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QB Controversy Part 3: Clemson's Defense

Fun memories of our last trip to Death Valley.

This post is the third installment in a series on our current QB controversy. Later this weekend I'll have a final post on my own opinion on who should start.

In an effort to consider which QB would be best against our hated rivals, let's take a short look at the Tigers' defense. This is a defense that has typically not performed well against the best competition: they gave up 34 points and 419 yards in their embarrassing loss to Alabama and 41 and 419 again to Florida State. Wake Forest also put up lots of yards against Clemson but didn't score as many points due to turnovers. In other games they've generally played well, but that probably has as much to do with playing in a league full of teams with solid defenses and terrible offenses as it does with actually having a great defense.

The Tigers' weakness appears to be a poor run defense. Bama and FSU both blasted Clemson for over 200 yards on the ground, as did Georgia Tech. Teams like Wake and NC State also had a bit of success running the ball against Clemson.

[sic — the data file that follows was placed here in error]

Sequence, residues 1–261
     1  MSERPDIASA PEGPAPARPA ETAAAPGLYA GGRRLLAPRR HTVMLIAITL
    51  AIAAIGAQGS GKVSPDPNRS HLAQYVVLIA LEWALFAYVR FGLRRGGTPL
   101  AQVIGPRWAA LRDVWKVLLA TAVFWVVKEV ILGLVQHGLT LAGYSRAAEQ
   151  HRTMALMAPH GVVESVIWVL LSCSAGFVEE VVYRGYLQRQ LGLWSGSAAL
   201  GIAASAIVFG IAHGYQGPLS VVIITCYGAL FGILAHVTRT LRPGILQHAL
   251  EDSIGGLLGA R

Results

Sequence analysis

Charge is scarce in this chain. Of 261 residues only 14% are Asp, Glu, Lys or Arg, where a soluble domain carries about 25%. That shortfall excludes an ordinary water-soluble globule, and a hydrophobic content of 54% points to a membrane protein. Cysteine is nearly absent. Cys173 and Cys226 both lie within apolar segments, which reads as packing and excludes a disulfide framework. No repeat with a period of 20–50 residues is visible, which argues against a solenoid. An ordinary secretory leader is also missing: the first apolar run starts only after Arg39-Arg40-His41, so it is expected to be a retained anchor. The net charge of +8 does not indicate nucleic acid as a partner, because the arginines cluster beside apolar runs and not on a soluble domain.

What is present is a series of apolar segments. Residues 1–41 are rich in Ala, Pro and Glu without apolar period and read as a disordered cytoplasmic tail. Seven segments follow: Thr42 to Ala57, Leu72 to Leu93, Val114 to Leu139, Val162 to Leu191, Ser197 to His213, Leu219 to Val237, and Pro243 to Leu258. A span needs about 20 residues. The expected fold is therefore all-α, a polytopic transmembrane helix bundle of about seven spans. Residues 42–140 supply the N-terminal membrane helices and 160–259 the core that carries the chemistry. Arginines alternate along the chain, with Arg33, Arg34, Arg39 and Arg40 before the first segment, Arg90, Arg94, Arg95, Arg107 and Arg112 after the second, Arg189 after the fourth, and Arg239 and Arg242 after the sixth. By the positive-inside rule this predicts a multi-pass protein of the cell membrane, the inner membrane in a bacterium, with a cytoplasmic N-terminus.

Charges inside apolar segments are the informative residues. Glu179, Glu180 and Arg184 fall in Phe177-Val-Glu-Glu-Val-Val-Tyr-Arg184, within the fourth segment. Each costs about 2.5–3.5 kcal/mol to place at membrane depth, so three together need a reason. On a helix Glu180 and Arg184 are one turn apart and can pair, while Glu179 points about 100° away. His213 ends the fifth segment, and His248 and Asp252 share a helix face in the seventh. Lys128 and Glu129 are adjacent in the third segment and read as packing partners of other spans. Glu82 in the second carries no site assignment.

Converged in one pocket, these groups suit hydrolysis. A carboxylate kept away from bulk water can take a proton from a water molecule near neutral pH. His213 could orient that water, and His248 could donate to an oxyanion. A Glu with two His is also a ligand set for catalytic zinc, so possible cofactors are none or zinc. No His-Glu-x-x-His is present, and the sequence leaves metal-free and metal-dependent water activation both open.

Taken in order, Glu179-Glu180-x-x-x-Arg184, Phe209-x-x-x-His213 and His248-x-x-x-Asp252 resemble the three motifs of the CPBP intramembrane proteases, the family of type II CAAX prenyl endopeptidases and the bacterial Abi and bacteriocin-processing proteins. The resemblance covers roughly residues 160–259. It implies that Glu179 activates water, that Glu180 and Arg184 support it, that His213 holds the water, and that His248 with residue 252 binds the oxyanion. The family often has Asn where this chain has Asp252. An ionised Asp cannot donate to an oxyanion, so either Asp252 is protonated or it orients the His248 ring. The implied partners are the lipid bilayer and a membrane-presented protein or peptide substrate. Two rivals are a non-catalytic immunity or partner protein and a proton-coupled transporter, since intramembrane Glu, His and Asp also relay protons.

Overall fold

Does Clemson's weakness against the run mean that Spurrier should play Garcia and take advantage of the freshman's mobility? Perhaps, although it's hard to say. The teams that have had the most success running against Clemson are teams that use traditional offensive attacks and that have big, fast RBs and solid offensive lines. We don't have much data, on the other hand, for how mobile QBs have fared against Clemson. NC State's talented freshman Russell Wilson had some good runs against the Tigers, but he hardly lit up the stat line, compiling a total of 26 yards. Tech's Josh Nesbitt ran for over 70 yards, but Tech runs the triple option and thus cannot be considered representative.

My guess is that Spurrier might call some designed runs if Garcia plays but probably not much more than usual. Other than Tech, teams that have ran well against Clemson do it the old fashioned way, so you can expect Spurrier to put the ball in his RBs' hands and try to establish the run regardless of which QB plays the most. That said, if Clemson's defense favors either QB's style, I would say it favors Garcia's.